Tonight I want to take up the second of these sins and, for want of a better name, I’m calling it the sin of “form over freedom.” Now I use that terms for two reasons. First, the form and freedom form of words has a long history and so helps connect us to a great deal of useful thought and reflection on the subject. Second, it has the further advantage of not being as subject to misunderstanding and misapplication. You remember in the Gospels Jesus typically referred to himself as the Son of Man. Most biblical scholarship believes that his preference for that Messianic title was due almost entirely to the fact that it was not used in his day as a Messianic title. As a result he could pour his own meaning into the title without having always to assume that his hearers were bringing their understanding of the term to it when he used it. If he referred to himself as the Messiah, for example, everyone would have assumed he meant what they meant by that term: a king who would lead the Jews in victorious battle against the Romans, restore Israel to its rightful place as the greatest nation on earth, and bring unprecedented prosperity to his people. That wasn’t what he had come to do and so he avoided a term that the people were bound to misunderstand. He used Son of Man because they had no prior understanding of that term and his use of it, therefore, would not be prejudiced by their assumption that they knew what he meant by it.
Well in the same way, “form over freedom” does not carry with it the baggage of other descriptions I might have used. The one that I grew up with that was supposed to get at the same reality I want to consider this evening was the distinction between head knowledge and heart knowledge. That is the way people would often distinguish between a Christian who knew a lot of doctrine, who had an impressive acquaintance with the Bible and Christian Doctrine, on the one hand, and a Christian who had love, joy, zeal, and excitement. The Christian who had head knowledge didn’t have the glow of the one who was living out a personal relationship with the Lord Jesus. Heart knowledge was good; head knowledge was bad. In my experience no one ever spoke of “head knowledge” and meant by it something positive, valuable, and important. But the form/freedom distinction is more balanced. Both form and freedom are good things in themselves and the Bible makes that very clear.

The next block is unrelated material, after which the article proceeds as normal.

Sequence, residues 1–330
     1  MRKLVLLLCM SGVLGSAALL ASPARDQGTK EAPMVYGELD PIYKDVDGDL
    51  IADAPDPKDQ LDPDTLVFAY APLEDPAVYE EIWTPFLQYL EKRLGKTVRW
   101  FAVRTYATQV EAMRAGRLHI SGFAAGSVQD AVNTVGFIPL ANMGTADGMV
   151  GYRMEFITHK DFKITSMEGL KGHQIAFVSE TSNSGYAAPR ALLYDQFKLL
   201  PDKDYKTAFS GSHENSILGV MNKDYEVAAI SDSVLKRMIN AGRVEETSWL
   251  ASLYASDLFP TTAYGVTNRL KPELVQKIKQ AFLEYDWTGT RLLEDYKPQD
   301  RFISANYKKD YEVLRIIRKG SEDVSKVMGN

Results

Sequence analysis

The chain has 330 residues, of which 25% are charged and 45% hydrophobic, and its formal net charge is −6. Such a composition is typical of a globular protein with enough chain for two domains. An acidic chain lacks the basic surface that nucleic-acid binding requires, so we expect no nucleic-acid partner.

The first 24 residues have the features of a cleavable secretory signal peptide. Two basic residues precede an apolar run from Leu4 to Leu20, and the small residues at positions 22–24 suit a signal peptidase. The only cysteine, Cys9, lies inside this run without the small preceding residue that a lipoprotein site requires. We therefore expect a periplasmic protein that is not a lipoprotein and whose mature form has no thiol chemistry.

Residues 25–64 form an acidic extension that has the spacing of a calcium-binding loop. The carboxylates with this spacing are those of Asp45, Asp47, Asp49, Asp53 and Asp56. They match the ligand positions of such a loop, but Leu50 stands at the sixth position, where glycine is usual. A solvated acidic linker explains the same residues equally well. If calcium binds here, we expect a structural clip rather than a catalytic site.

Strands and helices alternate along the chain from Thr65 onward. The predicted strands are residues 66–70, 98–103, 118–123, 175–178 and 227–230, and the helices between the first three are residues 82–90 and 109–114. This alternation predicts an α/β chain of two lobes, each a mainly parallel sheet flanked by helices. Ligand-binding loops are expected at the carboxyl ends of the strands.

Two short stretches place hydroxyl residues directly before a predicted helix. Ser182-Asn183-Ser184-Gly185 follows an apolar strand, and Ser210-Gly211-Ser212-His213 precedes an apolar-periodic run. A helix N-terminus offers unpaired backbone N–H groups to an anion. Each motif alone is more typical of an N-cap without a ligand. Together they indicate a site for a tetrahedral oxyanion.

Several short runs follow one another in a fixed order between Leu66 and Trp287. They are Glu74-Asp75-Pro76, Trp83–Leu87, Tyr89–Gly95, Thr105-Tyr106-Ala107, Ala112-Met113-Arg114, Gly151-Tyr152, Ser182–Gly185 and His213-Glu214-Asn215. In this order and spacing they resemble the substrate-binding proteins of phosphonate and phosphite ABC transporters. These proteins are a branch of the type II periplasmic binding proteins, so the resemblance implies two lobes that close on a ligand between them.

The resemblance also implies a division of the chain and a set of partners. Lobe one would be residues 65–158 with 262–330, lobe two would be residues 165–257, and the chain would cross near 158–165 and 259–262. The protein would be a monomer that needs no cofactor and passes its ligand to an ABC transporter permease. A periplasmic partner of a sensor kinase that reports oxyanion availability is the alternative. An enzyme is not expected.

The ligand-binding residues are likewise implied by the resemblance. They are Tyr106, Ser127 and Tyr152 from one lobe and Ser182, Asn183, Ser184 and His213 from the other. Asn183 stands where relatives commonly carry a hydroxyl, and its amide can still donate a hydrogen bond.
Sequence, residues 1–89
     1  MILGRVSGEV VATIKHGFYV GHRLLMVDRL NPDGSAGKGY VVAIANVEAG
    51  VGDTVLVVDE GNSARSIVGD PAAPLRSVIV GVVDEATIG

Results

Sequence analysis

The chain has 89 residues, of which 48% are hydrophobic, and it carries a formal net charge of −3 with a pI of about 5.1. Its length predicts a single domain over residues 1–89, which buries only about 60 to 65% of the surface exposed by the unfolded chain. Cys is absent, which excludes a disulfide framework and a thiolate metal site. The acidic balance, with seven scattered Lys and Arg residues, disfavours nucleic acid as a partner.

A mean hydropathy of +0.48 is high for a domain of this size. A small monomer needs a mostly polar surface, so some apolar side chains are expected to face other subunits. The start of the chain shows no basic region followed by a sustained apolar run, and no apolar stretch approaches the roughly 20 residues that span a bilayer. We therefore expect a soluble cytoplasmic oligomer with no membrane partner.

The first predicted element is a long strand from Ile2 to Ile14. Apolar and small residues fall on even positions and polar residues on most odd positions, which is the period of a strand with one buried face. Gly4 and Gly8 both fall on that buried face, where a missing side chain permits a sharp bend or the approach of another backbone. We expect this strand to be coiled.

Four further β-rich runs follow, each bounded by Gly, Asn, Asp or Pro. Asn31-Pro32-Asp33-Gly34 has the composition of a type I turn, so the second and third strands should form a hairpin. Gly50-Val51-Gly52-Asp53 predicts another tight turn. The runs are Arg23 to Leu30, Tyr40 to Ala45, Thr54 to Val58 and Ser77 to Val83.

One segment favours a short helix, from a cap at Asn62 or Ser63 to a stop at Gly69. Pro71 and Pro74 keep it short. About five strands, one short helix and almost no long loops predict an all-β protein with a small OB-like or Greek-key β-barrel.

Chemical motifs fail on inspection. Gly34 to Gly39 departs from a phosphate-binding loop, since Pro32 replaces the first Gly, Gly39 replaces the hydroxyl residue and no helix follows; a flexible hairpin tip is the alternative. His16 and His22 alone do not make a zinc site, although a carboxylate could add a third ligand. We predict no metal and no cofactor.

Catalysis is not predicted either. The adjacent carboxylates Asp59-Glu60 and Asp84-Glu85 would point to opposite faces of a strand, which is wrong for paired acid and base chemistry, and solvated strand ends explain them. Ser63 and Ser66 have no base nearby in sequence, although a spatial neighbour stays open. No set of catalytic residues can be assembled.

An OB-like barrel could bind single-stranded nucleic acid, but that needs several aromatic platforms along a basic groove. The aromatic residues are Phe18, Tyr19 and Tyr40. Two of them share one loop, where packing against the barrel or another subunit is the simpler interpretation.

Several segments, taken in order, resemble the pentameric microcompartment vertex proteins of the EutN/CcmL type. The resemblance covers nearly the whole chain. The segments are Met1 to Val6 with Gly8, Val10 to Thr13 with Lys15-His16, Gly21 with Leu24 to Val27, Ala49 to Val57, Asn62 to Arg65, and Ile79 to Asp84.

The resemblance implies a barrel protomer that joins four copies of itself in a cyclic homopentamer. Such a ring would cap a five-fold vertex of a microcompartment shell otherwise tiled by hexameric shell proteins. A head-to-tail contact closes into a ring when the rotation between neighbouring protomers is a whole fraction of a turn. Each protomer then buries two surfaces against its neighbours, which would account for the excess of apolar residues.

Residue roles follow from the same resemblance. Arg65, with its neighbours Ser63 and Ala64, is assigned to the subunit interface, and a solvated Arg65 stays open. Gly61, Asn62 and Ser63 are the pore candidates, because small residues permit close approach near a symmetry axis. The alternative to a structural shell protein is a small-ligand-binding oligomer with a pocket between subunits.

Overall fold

The head knowledge/heart knowledge distinction suggests – as I think it was usually meant to suggest – that head knowledge is not of much value and, in fact, is usually an obstacle or impediment to the truly spiritual life. The more one knows doctrine, it was thought, the less vital would be his Christian life. But that is surely not the Bible’s viewpoint. In the Bible ignorance is the mother of every kind of mischief and generally light in the mind comes before heat in the heart. One has only to read the Bible to realize how much it is an appeal to the mind, to the intellect first before it is an appeal to the emotions. It is all argument and persuasion. True Christian feeling and emotion comes from gospel truth. One’s beliefs are given much more attention than one’s feelings. When John wants to encourage Christians in the assurance of their salvation he points them to their beliefs, their convictions; he says little to nothing about their feelings or experiences. Apart from the embrace of biblical truth feelings are proof of nothing and help to nothing. The head knowledge/heart knowledge distinction suggests that head and heart are in some way in inevitable conflict with one another, that one had to have one or the other, one couldn’t have both; which is certainly not the Bible’s viewpoint.